# Coupon swap: transforming an asset

Figure 4: interest rate swap: transforming an asset

In the example presented in Figure 4, Company A transforms its investment in 91-day commercial paper, which is reprised every 91-days, into an 11.9% fixed rate investment. Company B does the reverse. In this example the motivation for the deal was a change in interest rate views. It will be noted that there is a mismatch in the timing of the interest payments. This does not have to be the case.

 Company 3-year fixed rate Floating rate (bond market) (money market) AAA Company A 11.0% 6-month JIBAR42 + 0.0% BBB Company B 12.0% 6-month JIBAR + 0.5% Difference (B - A) +1.0% + 0.5%

Table 2: Example of comparative advantage IRS

Figure 5: interest rate swap: comparative advantage

The comparative advantage motivation for a swap deal rests on the existence of a differential in borrowing rates in different markets. An example is presented in Table 2.

Company A has an absolute advantage in both markets (as a result of the credit rating difference), i.e. borrows at a lower rate in both markets. However, it will be evident that while Company B pays a higher rate than Company A in both markets, it is "penalized" to a lesser extent in the money market than in the bond market (which could be because of the lower probability of default in the short-term). On the other hand, Company A pays less in the bond market than in the money market when compared with Company B.

Thus, Company A has a comparative advantage in the bond market, while Company B has a comparative advantage in the money market.

Important assumptions have to be made in this example:

• Company A wants to borrow floating.

• Company B wants to borrow fixed.

An astute banker sees the opportunity and proposes the following deal:

• Company A borrows in the market where it has a comparative advantage in relation to Company B (bond market).

• Company B borrows in the market where it has a comparative advantage in relation to Company A (money market).

The deal is accepted and the IRS then takes place as illustrated in Figure 5.

The details of the transaction supplied in Table 3 should be apparent.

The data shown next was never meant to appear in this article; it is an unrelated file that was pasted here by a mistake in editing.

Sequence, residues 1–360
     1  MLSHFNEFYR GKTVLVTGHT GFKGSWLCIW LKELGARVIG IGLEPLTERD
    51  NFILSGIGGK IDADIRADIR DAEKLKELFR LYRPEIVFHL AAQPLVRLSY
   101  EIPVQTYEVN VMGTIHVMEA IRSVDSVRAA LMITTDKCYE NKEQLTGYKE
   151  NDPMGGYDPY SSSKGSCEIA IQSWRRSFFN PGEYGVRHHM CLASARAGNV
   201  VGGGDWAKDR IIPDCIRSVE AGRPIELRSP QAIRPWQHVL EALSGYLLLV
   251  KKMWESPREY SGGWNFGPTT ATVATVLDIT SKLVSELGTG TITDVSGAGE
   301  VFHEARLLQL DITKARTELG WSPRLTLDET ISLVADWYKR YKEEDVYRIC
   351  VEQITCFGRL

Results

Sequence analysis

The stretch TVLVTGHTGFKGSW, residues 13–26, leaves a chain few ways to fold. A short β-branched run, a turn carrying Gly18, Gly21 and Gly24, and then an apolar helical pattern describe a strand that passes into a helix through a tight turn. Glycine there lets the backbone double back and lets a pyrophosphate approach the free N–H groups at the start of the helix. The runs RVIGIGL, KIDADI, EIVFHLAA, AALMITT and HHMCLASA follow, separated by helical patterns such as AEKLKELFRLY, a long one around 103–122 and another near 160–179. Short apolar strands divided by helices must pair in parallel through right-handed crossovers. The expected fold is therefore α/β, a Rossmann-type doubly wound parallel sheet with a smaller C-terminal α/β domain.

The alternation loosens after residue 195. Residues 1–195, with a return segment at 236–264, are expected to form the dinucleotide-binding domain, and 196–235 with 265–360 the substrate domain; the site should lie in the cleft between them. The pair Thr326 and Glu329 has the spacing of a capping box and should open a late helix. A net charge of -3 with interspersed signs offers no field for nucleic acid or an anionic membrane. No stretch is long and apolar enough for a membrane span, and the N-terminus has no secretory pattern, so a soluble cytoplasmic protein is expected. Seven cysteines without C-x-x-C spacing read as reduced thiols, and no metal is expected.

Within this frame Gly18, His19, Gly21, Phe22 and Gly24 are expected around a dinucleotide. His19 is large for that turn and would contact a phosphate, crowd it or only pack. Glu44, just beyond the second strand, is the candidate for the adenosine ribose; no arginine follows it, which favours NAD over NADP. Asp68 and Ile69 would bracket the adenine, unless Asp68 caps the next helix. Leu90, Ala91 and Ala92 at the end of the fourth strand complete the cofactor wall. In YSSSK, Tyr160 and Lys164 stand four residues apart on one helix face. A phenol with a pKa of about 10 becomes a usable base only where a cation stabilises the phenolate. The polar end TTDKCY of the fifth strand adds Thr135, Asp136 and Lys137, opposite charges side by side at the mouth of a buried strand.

Table 3: Example of comparative advantage irs: interest payments

Company A borrows out of its preferred habitat (floating rate), but the swap synthesizes the preferred habitat, and the company benefits by 0.2%. Company B wants to borrow fixed, but borrows floating every 6 months for 3 years at 6-month JIBAR + 0.5%. It receives 6-month JIBAR, and therefore makes a loss on this leg of 0.5%. It however pays 11.3% fixed to the bank, making its total cost 11.8%, which is 0.2% lower than the fixed rate it would have paid in the bond market for its 3-year paper. The banker pockets 0.1% pa on LCC100 million for 3 years (LCC100 000 per year).

# Variations on the theme

There are many variations on the main IRS theme. A few examples are:

• Basis swap: A swap where two floating rates are swapped.

• Amortizing swap: A swap with a notional value that reduces over the life of the swap in a predetermined way.

• Accreting swap (also called step-up swap): A swap in terms of which the notional amount increases in a predetermined manner during the term of the swap.

• Roller-coaster swap: A swap in terms of which the notional amount increases and decreases during the term of the swap.

• Deferred swap (also called forward start swap): A swap where the counterparties do not start exchanging interest payments until a future date.

• Extendable swap: A swap where one party has the option to extend the life of the swap beyond the term of the swap, according to predetermined conditions.

• Puttable swap: A swap where one party has the option to terminate the swap prior to maturity date, according to predetermined conditions.

• Constant maturity swap: A swap where a floating rate (for example LIBOR) is exchanged for a specific rate (for example the 10-year rate on government bonds).

• Index amortizing rate swap (also called indexed principal swap): A swap where the notional amount reduces in a way that is dependent on the level of interest rates.

• Timing-mismatched swap: A swap with a timing mismatch.